The wiring in your Equasonne is cloth covered and is generally pretty durable, though it tends to become brittle over time. If some of the wiring needs replacing because it looks too frayed and untrustworthy, or if it has been previously cut and spliced in long ago repair jobs, similarly styled cloth covered wiring is available in various colors from several sources.
The wiring that tends to become the most mangy over time is the power cord, the 4 wire cable that runs from the power converter to the speaker, and the 8 wire connecting cable that runs from the RF Amplifier to the 9 post connecting strip on the side of the power converter.
So far, I know of no supplier for an exact replacement of the original thick cloth covered power cord. Antique Electronic Supply does sell some attractive brown cloth covered 2 conductor power cord that although much skinnier than the original power cord, will do the job. Very nice quality reproduction cloth covered power cords, and vintage style plugs can also be had from Sundial Wire, and Grand Brass.
The 4 conductor speaker cable can be easily replaced using some cotton covered multi-conductor cable also sold By Antique Electronic Supply. They sell this cable by the foot. It contains 8 differently colored braided cloth covered wires, contained in a brown braided cloth cable. Simply cut a piece to the appropriate length, pull out 4 of the 8 wires from the cable, pull on the outer brown cloth wrapping of the cable to readjust it to the skinnier diameter of the cable and there you have it! Radio Daze also sells similar cloth covered cable, with either 4 or 8 conductors. With the 8 conductor wire, you can pull out 4 off the wires, and stretch the cloth outer covering out to make a snug fit. I like to remove 5 of the wires, leaving yellow, red and blue, then insert a second piece of yellow to recreate the color scheme that matches with the color code on the back of the speaker. makes it much easier to figure out how to hook it up when you are done.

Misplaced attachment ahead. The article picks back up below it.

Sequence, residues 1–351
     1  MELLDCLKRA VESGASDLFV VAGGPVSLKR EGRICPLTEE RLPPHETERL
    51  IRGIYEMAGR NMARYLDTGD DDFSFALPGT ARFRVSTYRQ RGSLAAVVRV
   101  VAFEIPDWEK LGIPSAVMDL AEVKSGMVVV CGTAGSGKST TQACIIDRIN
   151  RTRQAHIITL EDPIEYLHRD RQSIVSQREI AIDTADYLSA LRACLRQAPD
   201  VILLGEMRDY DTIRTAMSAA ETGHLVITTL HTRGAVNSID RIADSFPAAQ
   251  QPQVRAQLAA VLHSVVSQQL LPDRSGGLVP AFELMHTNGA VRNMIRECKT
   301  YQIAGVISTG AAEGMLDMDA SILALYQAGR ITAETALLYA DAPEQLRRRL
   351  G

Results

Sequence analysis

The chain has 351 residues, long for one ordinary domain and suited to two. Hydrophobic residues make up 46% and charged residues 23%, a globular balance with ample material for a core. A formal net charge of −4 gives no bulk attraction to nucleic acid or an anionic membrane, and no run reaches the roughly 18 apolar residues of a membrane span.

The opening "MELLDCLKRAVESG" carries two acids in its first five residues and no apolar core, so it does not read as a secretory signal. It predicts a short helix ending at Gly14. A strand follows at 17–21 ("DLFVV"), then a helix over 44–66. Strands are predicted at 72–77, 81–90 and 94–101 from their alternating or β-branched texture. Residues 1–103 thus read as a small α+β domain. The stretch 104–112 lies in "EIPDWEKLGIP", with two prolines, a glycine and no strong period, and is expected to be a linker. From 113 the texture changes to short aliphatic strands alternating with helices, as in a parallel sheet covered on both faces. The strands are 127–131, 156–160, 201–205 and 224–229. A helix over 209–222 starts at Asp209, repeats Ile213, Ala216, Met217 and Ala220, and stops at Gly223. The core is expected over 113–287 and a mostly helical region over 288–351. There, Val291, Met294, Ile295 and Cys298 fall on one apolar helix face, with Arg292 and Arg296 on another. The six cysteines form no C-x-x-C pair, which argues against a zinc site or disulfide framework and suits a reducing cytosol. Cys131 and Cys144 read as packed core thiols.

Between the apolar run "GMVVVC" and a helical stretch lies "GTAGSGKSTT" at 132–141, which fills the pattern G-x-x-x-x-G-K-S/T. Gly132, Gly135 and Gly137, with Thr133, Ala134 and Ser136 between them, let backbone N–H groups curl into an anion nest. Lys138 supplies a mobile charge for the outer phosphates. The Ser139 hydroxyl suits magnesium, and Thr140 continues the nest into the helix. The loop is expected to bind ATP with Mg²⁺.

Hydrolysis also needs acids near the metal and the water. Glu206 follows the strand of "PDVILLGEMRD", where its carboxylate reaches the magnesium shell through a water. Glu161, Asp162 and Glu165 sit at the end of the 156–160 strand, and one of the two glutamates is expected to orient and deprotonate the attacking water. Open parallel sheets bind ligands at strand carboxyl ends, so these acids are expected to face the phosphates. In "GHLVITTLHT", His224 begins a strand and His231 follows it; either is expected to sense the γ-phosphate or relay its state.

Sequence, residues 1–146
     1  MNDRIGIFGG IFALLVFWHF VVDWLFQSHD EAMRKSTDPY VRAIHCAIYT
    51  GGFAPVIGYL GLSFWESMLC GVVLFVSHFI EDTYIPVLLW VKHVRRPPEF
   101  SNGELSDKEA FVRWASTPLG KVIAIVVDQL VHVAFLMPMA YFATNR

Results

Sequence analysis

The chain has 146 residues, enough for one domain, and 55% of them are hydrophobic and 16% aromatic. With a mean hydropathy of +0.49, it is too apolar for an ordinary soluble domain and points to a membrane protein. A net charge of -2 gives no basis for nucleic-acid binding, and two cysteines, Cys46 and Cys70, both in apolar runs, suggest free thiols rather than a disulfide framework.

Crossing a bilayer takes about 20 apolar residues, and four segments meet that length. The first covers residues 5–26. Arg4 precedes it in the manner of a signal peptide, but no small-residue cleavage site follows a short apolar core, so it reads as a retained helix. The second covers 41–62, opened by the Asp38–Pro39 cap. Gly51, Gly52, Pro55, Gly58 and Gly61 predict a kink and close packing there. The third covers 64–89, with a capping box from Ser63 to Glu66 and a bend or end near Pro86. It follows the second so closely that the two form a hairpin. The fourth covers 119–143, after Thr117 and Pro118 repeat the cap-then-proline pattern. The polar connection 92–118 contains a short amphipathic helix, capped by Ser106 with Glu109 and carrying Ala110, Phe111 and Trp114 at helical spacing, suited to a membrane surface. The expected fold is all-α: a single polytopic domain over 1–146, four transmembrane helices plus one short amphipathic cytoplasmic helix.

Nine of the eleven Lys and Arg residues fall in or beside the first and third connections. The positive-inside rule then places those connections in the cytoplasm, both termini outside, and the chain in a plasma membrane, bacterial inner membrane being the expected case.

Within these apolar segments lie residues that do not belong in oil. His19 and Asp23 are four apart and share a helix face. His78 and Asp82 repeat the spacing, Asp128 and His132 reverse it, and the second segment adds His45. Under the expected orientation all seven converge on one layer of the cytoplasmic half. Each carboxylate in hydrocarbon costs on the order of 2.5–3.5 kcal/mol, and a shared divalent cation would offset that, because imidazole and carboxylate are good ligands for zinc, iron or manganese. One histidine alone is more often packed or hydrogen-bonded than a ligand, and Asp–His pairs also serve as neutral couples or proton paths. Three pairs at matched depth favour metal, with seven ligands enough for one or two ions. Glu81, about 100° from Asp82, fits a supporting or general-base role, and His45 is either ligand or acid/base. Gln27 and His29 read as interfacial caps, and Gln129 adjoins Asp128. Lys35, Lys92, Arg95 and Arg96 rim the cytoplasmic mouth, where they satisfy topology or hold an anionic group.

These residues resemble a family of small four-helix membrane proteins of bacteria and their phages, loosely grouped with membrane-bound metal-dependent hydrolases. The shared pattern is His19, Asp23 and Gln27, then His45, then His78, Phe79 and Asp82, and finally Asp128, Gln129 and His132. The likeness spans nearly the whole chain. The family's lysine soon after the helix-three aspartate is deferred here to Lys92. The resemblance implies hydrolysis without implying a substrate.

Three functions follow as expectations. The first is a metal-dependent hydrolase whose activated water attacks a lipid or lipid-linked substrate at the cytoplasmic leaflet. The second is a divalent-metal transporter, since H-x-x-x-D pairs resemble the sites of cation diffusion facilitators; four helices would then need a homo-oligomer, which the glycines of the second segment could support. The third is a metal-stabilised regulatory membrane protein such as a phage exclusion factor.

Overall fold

The 8 conductor connector cable that joins the RF Amplifier to the Power converter can also be replaced using Antique Electronic Supply's 8 conductor cable, or that from Radio Daze. The spade terminals for the connector cable can be purchased at most electronic stores, you need size #6.
Alternatively, if the outer black cloth covering of the original 8 wire connector cable is still in acceptable shape, the 8 original wires inside the cable can be replaced one by one with new wire, leaving the original outer black cloth covering intact. This is in fact much easier to do than creating an entirely new 8 wire cable as described above. Cut the end off each original wire and strip back the insulation about 1cm. The exposed metal wire will have oxidized over time, and must be cleaned until shiny using steel wool or sandpaper or it will not accept solder. Do the same with a length of new replacement wire. Intermesh the two wires end to end and solder them well. When cool, test the strength of the joint by pulling on each end of the joined wire. Wrap the joint in a short piece of masking tape, then use the old wire to pull the new one through the outer cloth covering to the other end of the cable. Replace each of the 8 original wires in this manner. Cut the 8 new wires to the exact length of the originals, solder a #6 spade connector on the terminal attachment ends, and attach the other ends to the appropriate spots on the RF amplifier circuit board, and you are done.
Any other miscellaneous wiring in the set that needs replacing can be done with cloth covered wire obtainable from:
Antique Electronic Supply does sell cloth covered hookup wire on spools as does Radiodaze. However, I purchased a length of AES's 8 conductor cable, and dismantled it to produce 8 lengths of different colored cloth hookup wire before I discovered Radiodaze as a source. Although this certainly works, it is not the most cost efficient solution as this 8 conductor cable sells for $3 a foot.
If you decide to open up and rebuild the large filter can capacitor you will want several lengths of cloth covered wire to make the leads. The long lead wires to the volume control and to the on/off switch will usually be found to have hardened up and the insulation to have cracked in several places. It is worth replacing this as well.